George Will: Apollo 11’s achievement still dazzles
Thirty months after setting the goal of sending a mission 239,000 miles to the moon, and returning safely, President Kennedy cited a story the Irish author Frank O’Connor told about his boyhood. Facing the challenge of a high wall, O’Connor and his playmates tossed their caps over it. Said Kennedy, “They had no choice but to follow them. This nation has tossed its cap over the wall of space.” Kennedy said this on Nov. 21, 1963, in San Antonio. The next day: Dallas.
To understand America’s euphoria about the moon landing 50 years ago, remember 51 years ago: 1968 was one of America’s worst years — the Tet Offensive in Vietnam, Martin Luther King Jr. and Robert Kennedy assassinated, urban riots. President Kennedy’s May 25, 1961, vow to reach the moon before 1970 came 43 days after Soviet cosmonaut Yuri Gagarin became the first person to enter outer space and orbit Earth, and 38 days after the Bay of Pigs debacle. When Kennedy audaciously pointed to the moon, America had only sent a single astronaut on a 15-minute suborbital flight.
Kennedy’s goal was reckless, and exhilarating leadership. Given existing knowledge and technologies, it was impossible. But Kennedy said the space program would “serve to organize and measure the best of our energies and skills.” It did.
The “space race” began as a Cold War competition, military and political. Even before Sputnik, the first orbiting satellite, jolted Americans’ complacency in 1957 (10 days after President Eisenhower sent paratroopers to Little Rock’s Central High School), national security was at stake in the race for rockets with ever-greater thrusts to deliver thermonuclear warheads with ever-greater accuracy.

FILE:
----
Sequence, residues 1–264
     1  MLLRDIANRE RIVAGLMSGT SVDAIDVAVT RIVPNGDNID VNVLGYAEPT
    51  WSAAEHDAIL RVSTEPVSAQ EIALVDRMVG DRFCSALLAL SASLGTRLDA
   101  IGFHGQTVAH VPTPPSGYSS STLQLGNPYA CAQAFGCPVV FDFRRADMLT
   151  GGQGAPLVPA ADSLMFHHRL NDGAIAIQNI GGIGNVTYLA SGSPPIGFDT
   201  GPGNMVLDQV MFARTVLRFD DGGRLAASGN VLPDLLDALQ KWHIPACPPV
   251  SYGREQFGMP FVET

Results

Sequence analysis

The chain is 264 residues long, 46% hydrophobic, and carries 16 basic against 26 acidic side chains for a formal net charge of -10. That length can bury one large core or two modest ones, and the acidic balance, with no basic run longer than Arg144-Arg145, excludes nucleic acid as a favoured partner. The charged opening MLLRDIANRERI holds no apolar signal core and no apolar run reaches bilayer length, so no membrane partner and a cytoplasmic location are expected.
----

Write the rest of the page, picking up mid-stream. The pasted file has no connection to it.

By 1969, however, the Soviet Union was out of the race to the moon, a capitulation that anticipated the Soviets’ expiring gasp, two decades later, when confronted by the technological challenge of Ronald Reagan’s Strategic Defense Initiative. By mid-1967, a majority of Americans no longer thought a moon landing was worth the expense.
But it triggered a final flaring of postwar confidence and pride. “The Eagle has landed” came as defiant last words of affirmation. People spoke jauntily of “the conquest of space.” Well.
The universe, 99.9 (and at least 58 other 9s) percent of which is already outside Earth’s atmosphere, is expanding (into we know not what) at 46 miles per second per megaparsec. (One megaparsec is approximately 3.26 million light years.) Astronomers are studying light that has taken perhaps 12 billion years to reach their instruments.
This cooling cinder called Earth, spinning in the darkness at the back of beyond, is a minor speck of residue from the Big Bang, which lasted less than a billionth of a trillionth of a trillionth of a second 13.8 billion years ago. The estimated number of stars — they come and go — is 100 followed by 22 zeros. The visible universe (which is hardly all of it) contains more than 150 billion galaxies, each with billions of stars.
But if there were only three bees in America, the air would be more crowded with bees than space is with stars. The distances, and the violently unheavenly conditions in “the heavens,” tell us that our devices will roam our immediate cosmic neighborhood, but in spite of Apollo 11’s still-dazzling achievement, we are not really going anywhere.
George Will is a columnist for The Washington Post and can be reached via email.